Teach girls martial arts for self-protection: Prez

The security of women should be of prime concern for law-enforcing authorities as well as society, President Pratibha Patil said.

Lucknow: The security of women should be of prime concern for law-enforcing authorities as well as society, President Pratibha Patil said on Wednesday, terming self-protection "the best" and suggesting martial arts training for girls in educational institutions.

"An issue of deep concern is the rising trend of crimes against women, in rural areas and in our cities. Families worry about the lack of security for women members of the family in India of the 21st century.

"This deserves the fullest attention of law and order authorities, as also of all members of society who must together work to create a safe and secure environment for women," Patil said, in her address at a ceremony to mark 125 years of the Isabella Thoburn (IT) College.

"To create stable societies, women need to be empowered. Societies which understand this are not only able to deal with the changes needed for it, but can mould change itself... The concept of empowerment of women would have a very big impact on society...

Terming self-protection as "the best protection", Patil advocated martial arts training in the girls` colleges and educational institutions.

"I think girls should be taught Judo and Karate to protect themselves as I believe self-protection is the best protection."

Highlighting the importance of education in perspective of the social condition of a nation, Patil said: "The social condition of a nation can be gauged by the standing and status of its women, which in turn depends on their ability to take independent decisions on various issues influencing their individual lives and the environment they live in, as also to avail of opportunities that exist to realise their full potential."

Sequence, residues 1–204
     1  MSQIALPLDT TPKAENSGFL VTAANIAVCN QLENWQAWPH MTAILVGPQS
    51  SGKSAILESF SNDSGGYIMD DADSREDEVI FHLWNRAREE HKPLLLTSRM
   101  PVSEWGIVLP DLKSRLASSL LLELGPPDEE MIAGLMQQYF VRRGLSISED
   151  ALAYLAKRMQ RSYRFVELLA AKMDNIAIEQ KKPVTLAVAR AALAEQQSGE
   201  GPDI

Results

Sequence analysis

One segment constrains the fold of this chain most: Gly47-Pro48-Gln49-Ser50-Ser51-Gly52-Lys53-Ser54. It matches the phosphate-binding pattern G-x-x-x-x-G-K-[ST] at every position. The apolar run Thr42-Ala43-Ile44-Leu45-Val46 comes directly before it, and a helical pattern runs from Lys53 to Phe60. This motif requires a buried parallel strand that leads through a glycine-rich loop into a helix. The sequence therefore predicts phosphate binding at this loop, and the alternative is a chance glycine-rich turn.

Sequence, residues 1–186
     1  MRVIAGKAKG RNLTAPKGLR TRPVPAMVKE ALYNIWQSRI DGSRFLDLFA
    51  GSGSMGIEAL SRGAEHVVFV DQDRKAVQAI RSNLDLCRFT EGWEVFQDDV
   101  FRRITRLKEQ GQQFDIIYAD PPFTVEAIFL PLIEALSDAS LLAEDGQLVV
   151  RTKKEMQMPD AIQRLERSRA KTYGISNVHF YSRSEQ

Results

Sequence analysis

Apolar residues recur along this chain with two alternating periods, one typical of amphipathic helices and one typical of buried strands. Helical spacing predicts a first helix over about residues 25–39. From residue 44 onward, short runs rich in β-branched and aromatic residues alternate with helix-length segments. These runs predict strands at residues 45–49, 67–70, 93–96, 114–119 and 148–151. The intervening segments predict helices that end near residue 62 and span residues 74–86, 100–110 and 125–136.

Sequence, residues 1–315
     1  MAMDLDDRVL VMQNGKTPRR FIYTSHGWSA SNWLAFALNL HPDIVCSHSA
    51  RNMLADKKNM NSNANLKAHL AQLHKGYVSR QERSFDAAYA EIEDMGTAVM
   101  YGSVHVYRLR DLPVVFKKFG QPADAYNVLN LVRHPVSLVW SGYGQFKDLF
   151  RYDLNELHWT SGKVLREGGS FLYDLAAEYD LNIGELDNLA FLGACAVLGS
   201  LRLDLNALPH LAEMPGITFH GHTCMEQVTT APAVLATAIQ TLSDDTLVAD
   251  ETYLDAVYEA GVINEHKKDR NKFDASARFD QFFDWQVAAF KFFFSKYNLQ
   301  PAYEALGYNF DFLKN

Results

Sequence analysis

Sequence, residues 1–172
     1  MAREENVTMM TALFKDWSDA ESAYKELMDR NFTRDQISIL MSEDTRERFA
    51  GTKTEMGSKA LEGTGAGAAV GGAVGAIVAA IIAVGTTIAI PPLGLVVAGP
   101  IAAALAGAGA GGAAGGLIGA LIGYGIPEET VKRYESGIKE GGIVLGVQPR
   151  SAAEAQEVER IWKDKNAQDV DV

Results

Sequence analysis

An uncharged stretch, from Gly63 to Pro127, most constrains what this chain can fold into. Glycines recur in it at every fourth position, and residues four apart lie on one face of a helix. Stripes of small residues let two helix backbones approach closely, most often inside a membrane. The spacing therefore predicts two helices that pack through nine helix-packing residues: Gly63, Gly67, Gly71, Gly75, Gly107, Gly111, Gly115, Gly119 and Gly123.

"It is a proven fact that there is a strong co-relation between women`s education and their overall progress, including their economic development. If indeed, women are to find their rightful voice, it would be possible if they are properly educated, and given training in skill building, which equips them to avail of income generating options."

Expressing concern over illiteracy, lack of access to education and deprivation, and social prejudices and social evils in the society, Patil called upon the citizens of the country to unitedly tackle such issues.

"A paradox of sorts exists as far as women in India are concerned. On the one hand, women have proved that they can undertake all types of missions and work. Yet, on the other hand, it is equally true that women face numerous challenges and discrimination emanating from social prejudices and social evils," said Patil while citing the practice of dowry, and conditions of widows.

"All these issues are very much on the horizon, and need to be handled by governments, by society and by people themselves."

The IT College, which has the unique distinction of the first Christian institution for women in Asia, presently has around 4,000 students enrolled in different under-graduate, post-graduate, vocational and professional courses. It is affiliated to Lucknow University (LU).


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